And so what is Spirituality?
Encyclopedia of Spirituality - Spiritual Inspiration to Transform Your Life by Timothy Freke (published by Godsfield Press Ltd in Britain in 2000) is accessible, comprehensive and beautiful book that is well worth hunting down. It will give you a good introduction to all sorts of aspects of spirituality: traditional, religious and more modern spirituality.
A very useful publication but quite academic:
Spiritualise: revitalising spirituality to address 21st century challenges - this is an RSA report (2014) The fact that the RSA (Royal Society for the encouragement of Arts, Manufacturers and Commerce) known for its work on policy issues like city growth, self-employment and public service reform undertook this project is a sign of the growing importance being attached to spirituality as a source of motivation, meaning and creativity. Spirituality is coming into the mainstream. It could powerfully affect the way we approach major 21st century possibilities and challenges. You can download it free:
Spirit is an invisible force made visible in all life. Maya Angelou
Spirituality is an awareness that there is something far greater than we are, something that created this universe, created life and that we are an authentic, important, significant part of it, and can contribute to its evolution. Elisabeth Kubler-Ross MD
Spirituality, for me, is everyone’s natural connection with the wonder and energy of life...and the instinct to explore that experience and its meaning. William Bloom http://www.williambloom.com
In its simplest definition, ‘spirituality’ means knowing how to live with meaning and purpose. Brahma Kumaris World Spiritual University http://www.bkwsu.org
At the core of spirituality is the need to feel and express love and compassion for everyone, with the understanding that we are all part of a greater reality. Amma http://www.amma.org.uk/
Spirituality is not about beliefs - it is about the way we live and conduct our day-to-day lives. Satish Kumar in his autobiography No Destination.
Together, spirituality, community, and justice constitute the living tree of lives of depth, joy, and meaning. Spirituality is our roots – the connectedness with the ground of our being that nurtures us. It is our support and our stability. We grow spiritually by deepening.
Community is the wood of the tree. It is the solid collection in which we may be protected and supported. Amid the collection of branches, we find relationship and are able to reach both toward one another and outwards. And the leaves, flowers, and fruit of our tree of religion may be identified with justice – with our reaching out to others and offering of beauty and nurturance to the world. It is through flowers and fruit – through justice – that seeds of a brighter future are generated.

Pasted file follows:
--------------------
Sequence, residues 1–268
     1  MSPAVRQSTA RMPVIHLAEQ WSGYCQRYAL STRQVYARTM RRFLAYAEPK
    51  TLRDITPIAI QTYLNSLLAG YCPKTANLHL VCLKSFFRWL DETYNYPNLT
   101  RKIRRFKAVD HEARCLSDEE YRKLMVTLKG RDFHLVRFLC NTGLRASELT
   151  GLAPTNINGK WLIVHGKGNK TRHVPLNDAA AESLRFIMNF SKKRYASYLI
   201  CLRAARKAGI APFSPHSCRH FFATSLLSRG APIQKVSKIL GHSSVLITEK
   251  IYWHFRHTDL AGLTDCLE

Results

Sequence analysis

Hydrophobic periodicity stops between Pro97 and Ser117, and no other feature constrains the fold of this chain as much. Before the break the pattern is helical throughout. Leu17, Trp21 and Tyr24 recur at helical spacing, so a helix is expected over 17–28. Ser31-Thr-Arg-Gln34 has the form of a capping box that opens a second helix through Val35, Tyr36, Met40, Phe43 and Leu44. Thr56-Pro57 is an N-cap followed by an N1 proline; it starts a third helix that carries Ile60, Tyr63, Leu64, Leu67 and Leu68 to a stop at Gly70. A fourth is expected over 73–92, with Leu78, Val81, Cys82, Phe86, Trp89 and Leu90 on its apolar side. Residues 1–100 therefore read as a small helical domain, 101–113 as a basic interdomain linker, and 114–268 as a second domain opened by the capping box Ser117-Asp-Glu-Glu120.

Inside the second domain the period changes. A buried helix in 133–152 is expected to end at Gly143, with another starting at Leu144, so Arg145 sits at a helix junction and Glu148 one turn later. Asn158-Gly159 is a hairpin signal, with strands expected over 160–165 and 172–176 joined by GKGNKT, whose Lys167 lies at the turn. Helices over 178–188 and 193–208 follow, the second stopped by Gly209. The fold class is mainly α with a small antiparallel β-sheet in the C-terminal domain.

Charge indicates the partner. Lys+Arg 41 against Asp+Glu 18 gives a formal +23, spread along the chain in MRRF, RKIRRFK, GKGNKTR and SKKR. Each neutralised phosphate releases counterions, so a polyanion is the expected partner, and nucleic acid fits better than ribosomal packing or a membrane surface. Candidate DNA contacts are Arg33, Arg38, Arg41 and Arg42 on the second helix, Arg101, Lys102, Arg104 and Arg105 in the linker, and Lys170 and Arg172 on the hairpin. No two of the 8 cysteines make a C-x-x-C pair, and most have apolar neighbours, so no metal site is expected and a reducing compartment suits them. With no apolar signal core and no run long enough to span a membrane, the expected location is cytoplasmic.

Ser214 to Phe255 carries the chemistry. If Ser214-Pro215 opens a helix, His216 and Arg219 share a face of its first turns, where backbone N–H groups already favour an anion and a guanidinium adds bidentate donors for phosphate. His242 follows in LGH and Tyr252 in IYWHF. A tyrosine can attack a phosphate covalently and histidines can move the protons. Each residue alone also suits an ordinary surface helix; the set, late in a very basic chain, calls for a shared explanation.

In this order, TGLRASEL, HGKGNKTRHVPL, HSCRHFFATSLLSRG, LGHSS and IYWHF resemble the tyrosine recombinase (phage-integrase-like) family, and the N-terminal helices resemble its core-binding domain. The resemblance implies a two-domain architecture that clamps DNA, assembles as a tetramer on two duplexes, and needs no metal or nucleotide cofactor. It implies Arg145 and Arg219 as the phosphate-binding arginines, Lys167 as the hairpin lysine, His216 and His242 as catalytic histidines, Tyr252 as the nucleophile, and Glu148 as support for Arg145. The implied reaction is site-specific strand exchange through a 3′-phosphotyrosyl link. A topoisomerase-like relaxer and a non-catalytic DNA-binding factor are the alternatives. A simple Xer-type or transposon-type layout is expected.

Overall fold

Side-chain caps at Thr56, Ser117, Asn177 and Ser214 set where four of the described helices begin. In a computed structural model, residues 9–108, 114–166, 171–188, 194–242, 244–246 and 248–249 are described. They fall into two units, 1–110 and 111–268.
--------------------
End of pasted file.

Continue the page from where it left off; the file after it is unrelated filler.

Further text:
We must recognise the essential interconnections between these aspects of the abundant life. The roots are fed not only by the ground, but by the leaves and woody parts of the tree. Without community and justice, spirituality weakens and eventually dies. Only in wholeness and integrity – with a balanced life that includes spirituality, community and justice – will we truly flourish. Andrew Pakula The London Spirituality Network http://www.ukspirituality.org
Since the 1960s increasing numbers of people have turned to spirituality rather than religion as a source of solace and to find sanctuary from the busy consumer world. People are eager to express their spirituality and to promote spirituality in society…What people mean when they use the word ‘spirituality’ varies enormously. When somebody says that they are spiritual this could mean they enjoy meditation or that they like to go for solitary walks. Or it could mean that they appreciate great art or that they love music. Above all, it usually means that they believe in the infinite value of human love. Abbot Christopher Jamison in his book ‘Finding Sanctuary’
The spiritual life does not remove us from the world but leads us deeper into it. Henri J. M. Nouwen
In my vision the collective unconscious is God; the conscious is man as individual; and the personal unconscious is the interface between them.'’ …'’I have come to believe and have tried to demonstrate that people’s capacity to love, and hence their will to grow, is nurtured not only by the love of their parents during childhood but throughout their lives by grace, or God’s love. This is a powerful force external to their consciousness which operates through the agency of their unconscious as well as through the agency of loving persons other than their parents and through additional ways which we do not understand. M. Scott Peck in ‘The Road Less Travelled’ (of spiritual growth)